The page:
NewsPositively Milwaukee


Turkey Club puts smiles on faces of those in need

Posted at 10:11 AM, Nov 23, 2018
and last updated 2018-11-23 11:27:13-05

In 1978, a 30-year-old Patrick Mickelsen received two turkeys from his employer.

Because he was visiting family for Thanksgiving he didn't need the turkeys and so he decided to donate them to a church on Milwaukee's East Side. 

The next year he and his roommate put some money together and bought turkeys to donate. From there, the Turkey Club was born.

More than 40 years later it is still going strong and has grown to at least five counties including Milwaukee County.

"This year we're donating 2,200 turkeys," Mickelsen said. "Last year we donated 2,000 turkeys."

The Turkey Club buys them using funds raised during events like bowling outings, golf outings, and the main fundraiser: the Turkey Club Raffle and Fundraiser held each November at O'Brien's Pub on Vliet.

Turkey Club member Felicia Bogdanski helps handle the money at the fundraiser. She said there is a silent auction, grand raffle, regular raffle, and some just donate money.

"I enjoy it," Bogdanski said. "It's very heartwarming to be able to give back to the community."

The Turkey Club delivers the turkeys to Hunger Task Force on Hawley Road in Milwaukee. Soon after, the agencies that get turkeys arrive forming a line several vehicles long.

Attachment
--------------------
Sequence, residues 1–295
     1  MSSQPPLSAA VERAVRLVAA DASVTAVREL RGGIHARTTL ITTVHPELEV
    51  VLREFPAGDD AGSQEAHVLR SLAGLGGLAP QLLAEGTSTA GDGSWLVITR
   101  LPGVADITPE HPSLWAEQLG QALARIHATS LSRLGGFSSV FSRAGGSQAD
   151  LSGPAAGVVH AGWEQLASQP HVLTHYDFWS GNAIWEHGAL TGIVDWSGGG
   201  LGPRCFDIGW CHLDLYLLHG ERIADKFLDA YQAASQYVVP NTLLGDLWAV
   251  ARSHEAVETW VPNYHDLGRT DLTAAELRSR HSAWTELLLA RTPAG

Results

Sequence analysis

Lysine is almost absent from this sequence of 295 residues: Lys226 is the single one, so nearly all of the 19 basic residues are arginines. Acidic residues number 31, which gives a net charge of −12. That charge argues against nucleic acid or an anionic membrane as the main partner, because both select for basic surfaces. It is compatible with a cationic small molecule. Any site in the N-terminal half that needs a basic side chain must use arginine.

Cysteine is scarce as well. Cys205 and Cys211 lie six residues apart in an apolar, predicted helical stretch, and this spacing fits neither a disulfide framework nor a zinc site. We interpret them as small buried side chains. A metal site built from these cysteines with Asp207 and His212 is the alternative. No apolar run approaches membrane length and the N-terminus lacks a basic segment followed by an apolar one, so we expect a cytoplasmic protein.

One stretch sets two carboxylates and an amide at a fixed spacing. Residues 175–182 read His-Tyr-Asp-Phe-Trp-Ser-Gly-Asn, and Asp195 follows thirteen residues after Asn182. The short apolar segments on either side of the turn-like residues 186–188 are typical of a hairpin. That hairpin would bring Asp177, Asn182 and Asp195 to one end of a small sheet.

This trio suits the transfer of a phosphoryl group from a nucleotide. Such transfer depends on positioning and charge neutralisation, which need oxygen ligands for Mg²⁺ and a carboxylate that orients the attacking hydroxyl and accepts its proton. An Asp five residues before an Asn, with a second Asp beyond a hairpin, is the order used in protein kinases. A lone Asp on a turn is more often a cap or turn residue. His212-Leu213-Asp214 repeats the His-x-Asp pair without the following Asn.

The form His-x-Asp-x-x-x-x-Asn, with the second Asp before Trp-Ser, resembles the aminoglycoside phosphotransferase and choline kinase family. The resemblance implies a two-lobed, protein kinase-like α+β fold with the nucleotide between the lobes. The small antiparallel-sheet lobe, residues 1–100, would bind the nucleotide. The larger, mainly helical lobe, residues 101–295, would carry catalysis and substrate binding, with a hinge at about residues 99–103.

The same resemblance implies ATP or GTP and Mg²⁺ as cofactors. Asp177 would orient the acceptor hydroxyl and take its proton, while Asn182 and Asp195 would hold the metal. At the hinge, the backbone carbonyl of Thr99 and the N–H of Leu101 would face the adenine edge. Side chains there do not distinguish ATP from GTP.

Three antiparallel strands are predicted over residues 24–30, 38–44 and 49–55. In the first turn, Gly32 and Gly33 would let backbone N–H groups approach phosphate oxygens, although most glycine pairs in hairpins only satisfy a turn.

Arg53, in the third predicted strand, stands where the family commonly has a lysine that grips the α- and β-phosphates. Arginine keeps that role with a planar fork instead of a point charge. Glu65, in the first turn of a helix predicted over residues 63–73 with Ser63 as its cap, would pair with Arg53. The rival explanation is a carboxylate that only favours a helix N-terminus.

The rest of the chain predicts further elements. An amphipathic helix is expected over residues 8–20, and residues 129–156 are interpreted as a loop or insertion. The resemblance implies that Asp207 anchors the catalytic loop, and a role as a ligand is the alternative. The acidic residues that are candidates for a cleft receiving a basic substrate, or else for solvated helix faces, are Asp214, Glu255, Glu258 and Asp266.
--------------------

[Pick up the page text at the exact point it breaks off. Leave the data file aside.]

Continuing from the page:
Each agency has a number of turkeys they receive, and Patrick and volunteers are there to put box after box of frozen turkeys into the backs of SUVs, cars, vans, uHauls or whatever the agency drives up in.

"The need for food is unbelievable, especially around the holidays," said Steven Pollock, director of the St. Hyacinth Emergency Food Pantry. "A lot of our families come in, some of the stories they tell, the reason they come to a food pantry is they're really trying to decide whether or not their limited resources are going to go to either rent or food."

St. Hyacinth's receives 100 turkeys from the Turkey Club and they are paired with vegetables the pantry gets from the West Allis Farmers Market.

"Those of us that are involved with the hunger programs understand the significant contribution that Patrick makes," Pollock added.

Mickelsen didn't plan on running the Turkey Club this long, but now organizations depend on it so much he doesn't feel he can stop just yet.

"I'm not sure how long I'll do it, but if we can get more volunteers it can be ongoing for another 40 years," Mickelsen said.

He needs volunteers from the younger generation to step up and make a commitment to carrying on the tradition for those in need.

Mickelsen wants people to commit to one or two hours a month and see if they like it, "It isn't that we're asking for a full-time job or 40 hours a week or 40 hours a month." 

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